More football structuring

I’ve commented earlier on innovative structuring of football player contracts, with call options and put options and all other exotic options being involved. Now I see another interesting transfer structure, this time in the contract of Juventus (and Spain) striker Alvaro Morata.

In 2014, Real Madrid sold Morata to Juventus for a transfer fee of €20 million, but the sale had a “buy back clause”. Embedded in the sale was an option for Real Madrid to buy back Morata at any time for €30 million, and now it seems like they’re exercising it!

While this might be based on Morata’s performances (both for Juventus and Spain) in the last couple of years, the interesting thing about the buyback is that Real Madrid are unlikely to keep hold of Morata. Instead, talk is that they plan to sell him on, with PSG and Manchester United being interested in the forward.

Effectively the deal is something like “as long as Morata’s perceived market value is  < €30M, Juventus can keep him, but once his perceived market value goes up, all the upside goes to Real Madrid”. The downside (in case Morata regressed as a player and his market value went below €20M), of course, remained with Juventus. To put it simply, Madrid is exercising its call option on the player.

While loan agreements have earlier had clauses such as “right but obligation to make deal permanent” or “obligation but not right to make deal permanent”, this is the first time I’m seeing an actual transfer deal with this kind of a clause, which is being exercised. So why did Juventus and Real Madrid hammer out such a complicated-looking structure?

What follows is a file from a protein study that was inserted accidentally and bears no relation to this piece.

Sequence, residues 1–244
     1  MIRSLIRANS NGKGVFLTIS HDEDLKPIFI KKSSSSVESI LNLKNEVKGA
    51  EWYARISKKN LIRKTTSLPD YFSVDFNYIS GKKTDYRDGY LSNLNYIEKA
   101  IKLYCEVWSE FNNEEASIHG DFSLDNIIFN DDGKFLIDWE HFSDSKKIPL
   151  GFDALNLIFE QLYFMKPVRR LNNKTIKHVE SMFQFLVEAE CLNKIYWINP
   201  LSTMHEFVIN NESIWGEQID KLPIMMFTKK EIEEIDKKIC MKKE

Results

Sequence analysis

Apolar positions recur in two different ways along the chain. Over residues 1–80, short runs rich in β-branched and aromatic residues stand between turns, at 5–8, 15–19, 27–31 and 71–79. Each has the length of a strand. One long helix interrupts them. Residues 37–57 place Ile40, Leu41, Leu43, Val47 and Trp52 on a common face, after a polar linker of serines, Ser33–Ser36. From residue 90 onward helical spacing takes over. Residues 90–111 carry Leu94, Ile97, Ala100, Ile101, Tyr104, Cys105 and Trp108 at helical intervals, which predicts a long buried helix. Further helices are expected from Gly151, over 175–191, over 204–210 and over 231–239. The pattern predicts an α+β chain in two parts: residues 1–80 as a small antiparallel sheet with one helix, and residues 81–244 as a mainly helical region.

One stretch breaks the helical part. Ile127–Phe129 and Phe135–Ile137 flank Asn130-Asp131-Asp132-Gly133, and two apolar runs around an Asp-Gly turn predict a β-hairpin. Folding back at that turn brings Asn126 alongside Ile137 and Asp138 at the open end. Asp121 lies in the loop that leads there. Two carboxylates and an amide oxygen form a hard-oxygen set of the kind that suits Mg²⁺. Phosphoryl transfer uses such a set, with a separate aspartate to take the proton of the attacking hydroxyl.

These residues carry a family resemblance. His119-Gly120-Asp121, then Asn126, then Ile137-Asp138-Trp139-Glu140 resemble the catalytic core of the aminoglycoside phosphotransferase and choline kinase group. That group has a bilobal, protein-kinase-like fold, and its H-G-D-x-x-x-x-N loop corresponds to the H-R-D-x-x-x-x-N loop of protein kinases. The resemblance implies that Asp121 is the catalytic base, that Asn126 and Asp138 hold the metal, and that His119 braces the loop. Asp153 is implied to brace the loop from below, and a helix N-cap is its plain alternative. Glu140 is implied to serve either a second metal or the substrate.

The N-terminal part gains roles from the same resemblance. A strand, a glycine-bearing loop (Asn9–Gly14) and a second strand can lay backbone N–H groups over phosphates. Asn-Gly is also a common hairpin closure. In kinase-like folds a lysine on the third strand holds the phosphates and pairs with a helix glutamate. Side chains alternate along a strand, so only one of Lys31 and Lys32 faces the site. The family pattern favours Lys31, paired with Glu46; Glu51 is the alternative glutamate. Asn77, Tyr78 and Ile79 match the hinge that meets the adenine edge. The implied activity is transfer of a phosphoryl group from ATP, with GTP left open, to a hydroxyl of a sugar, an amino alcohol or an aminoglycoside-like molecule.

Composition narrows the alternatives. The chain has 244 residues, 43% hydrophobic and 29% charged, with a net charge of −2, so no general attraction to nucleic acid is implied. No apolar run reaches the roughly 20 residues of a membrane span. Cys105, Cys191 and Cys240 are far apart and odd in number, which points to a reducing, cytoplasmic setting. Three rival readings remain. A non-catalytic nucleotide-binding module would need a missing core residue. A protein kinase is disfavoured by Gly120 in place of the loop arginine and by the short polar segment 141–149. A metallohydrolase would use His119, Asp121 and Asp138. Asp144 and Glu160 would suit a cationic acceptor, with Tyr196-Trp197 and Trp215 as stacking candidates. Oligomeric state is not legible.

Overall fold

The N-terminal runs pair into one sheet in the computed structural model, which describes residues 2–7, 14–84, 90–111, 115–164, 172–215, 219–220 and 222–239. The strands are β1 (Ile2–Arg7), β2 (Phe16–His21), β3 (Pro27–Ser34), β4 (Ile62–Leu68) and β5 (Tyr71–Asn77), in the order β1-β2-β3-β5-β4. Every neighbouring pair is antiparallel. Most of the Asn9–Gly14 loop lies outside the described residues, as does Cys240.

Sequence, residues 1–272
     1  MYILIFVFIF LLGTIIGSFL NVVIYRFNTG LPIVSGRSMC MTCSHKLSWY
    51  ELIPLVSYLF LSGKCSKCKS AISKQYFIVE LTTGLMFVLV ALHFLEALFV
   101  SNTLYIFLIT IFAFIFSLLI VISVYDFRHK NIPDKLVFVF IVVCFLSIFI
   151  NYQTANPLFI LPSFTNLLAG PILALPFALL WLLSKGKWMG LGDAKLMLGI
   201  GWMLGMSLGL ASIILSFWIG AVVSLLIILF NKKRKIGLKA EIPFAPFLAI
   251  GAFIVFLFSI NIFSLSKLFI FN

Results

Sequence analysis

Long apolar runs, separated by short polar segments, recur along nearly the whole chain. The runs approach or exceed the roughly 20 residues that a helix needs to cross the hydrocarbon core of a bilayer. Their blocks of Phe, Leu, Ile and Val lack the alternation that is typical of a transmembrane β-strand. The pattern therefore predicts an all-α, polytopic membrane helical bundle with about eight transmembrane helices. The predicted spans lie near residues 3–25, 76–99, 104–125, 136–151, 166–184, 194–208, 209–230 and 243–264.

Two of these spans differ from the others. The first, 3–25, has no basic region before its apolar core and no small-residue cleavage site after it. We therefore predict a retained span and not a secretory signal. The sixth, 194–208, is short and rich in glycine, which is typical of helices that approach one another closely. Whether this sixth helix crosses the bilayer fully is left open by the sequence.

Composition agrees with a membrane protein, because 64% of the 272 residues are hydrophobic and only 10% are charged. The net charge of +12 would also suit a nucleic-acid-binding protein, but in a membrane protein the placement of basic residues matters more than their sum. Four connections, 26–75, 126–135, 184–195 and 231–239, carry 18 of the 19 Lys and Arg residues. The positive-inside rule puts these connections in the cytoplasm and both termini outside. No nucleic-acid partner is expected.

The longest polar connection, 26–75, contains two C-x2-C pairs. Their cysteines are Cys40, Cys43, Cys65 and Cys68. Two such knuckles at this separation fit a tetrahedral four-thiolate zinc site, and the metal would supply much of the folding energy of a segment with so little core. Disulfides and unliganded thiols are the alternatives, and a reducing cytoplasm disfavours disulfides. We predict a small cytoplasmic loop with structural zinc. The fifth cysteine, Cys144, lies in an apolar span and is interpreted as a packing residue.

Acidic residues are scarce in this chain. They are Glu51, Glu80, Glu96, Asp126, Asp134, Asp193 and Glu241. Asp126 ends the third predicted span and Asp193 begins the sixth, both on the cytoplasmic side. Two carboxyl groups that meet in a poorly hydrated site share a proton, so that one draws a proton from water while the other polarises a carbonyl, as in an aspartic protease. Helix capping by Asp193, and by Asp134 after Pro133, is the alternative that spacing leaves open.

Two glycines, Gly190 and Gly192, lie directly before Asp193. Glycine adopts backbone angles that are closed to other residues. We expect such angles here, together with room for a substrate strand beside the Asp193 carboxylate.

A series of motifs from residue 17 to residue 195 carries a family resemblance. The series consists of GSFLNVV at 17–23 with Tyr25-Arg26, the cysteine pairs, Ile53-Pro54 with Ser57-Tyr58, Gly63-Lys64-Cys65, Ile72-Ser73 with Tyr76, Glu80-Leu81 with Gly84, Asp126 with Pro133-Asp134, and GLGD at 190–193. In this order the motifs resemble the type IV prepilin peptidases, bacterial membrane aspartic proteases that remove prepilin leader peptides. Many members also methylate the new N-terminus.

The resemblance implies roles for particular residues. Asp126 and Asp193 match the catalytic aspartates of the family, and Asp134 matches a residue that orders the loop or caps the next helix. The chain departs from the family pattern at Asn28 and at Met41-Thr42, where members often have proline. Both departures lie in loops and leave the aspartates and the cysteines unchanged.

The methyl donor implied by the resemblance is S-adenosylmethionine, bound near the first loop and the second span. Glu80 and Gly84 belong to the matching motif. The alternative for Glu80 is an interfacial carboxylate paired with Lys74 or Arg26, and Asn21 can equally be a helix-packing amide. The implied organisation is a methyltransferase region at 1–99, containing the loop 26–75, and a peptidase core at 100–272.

For Juventus, the simple answer is that the option they wrote reduced the cost of buying the player. While they have given up on significant upside in writing this call option, this is what perhaps made the purchase possible for them, and in some ways, it’s worked out by giving them two more Scudetti.

The answer is less clear from Real Madrid’s perspective. Clearly, the fact that they got a call option meant that they believed there was a significant chance of Morata improving significantly. At the point of time of sale (2014), however, he was surplus to their requirements and they believed sending him elsewhere would help in this significant improvement.

It is possible that the market in 2014 wasn’t willing to bear the price implied by Real Madrid’s expectation of Morata’s improvement, but was only willing to pay based on his then abilities and form. In other words, while Morata’s current abilities were fairly valued, his future abilities were grossly undervalued.

And Madrid did the smart thing by unbundling the current and future values, by structuring a deal that included a call option!

Again, this is only my speculation of how it would have turned out, but it’s indeed fascinating. Given how global financial markets are performing nowadays, it seems like structuring of football deals is now far more interesting than structuring financial derivatives! But then the market is illiquid!

Drink structuring

At lunch yesterday it appeared like the men at the next table respectively asked for a cold coffee and an iced tea. What the waitress did was very interesting. She plonks a regular cup of “cafe con leche” (coffee with milk) in front of one guy, and a large cup of hot water with a tea bag in front of the other. They start mixing sugar into their respective drinks (it wasn’t added earlier). Then she brings two large glasses with lots of ice in them. The men presently pour their drinks into that glass and start drinking.

Two Tuesdays back I was at the Rijksmuseum in Amsterdam. Midway through my tour I saw this little cafe in the museum and decided to warm myself with some hot chocolate. After paying a princely EUR 2.75, I saw the barista take some canned cold chocolate from the fridge, use the steamer of the coffee machine to heat it up (in the process effectively adding copious amounts of water), and then hand it to me as “hot chocolate”. That was the last time on this trip I ever ordered hot chocolate.